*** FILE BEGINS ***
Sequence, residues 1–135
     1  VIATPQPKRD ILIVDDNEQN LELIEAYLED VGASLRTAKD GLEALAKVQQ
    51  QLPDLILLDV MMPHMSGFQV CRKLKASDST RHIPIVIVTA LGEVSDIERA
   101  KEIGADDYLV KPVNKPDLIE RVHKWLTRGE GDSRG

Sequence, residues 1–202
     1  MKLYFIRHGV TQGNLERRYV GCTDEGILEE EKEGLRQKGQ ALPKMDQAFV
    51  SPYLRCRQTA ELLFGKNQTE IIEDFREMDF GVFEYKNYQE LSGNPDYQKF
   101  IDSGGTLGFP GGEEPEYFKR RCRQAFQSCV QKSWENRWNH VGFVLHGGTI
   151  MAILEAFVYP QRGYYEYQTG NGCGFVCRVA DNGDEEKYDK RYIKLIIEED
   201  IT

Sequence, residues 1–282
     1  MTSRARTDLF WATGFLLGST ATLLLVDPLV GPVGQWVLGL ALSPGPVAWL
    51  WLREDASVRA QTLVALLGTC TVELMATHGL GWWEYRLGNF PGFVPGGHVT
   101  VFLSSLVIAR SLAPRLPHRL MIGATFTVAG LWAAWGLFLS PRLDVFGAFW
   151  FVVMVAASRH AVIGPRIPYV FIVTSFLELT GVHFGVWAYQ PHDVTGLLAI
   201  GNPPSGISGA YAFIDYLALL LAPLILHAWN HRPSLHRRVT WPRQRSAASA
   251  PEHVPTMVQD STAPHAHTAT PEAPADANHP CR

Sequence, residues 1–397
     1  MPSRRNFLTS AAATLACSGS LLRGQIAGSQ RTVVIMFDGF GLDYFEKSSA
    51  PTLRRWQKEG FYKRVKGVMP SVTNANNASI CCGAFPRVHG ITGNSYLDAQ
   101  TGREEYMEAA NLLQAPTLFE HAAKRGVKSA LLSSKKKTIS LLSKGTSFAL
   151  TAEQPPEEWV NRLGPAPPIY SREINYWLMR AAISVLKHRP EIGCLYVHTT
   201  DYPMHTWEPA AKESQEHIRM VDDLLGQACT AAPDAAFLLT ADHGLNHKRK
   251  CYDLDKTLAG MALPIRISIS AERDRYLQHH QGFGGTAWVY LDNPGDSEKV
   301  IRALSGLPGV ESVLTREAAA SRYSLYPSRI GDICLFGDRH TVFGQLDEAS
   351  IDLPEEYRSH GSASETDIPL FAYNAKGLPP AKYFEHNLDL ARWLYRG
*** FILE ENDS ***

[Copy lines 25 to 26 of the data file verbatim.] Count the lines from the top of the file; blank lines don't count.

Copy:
   301  IRALSGLPGV ESVLTREAAA SRYSLYPSRI GDICLFGDRH TVFGQLDEAS
   351  IDLPEEYRSH GSASETDIPL FAYNAKGLPP AKYFEHNLDL ARWLYRG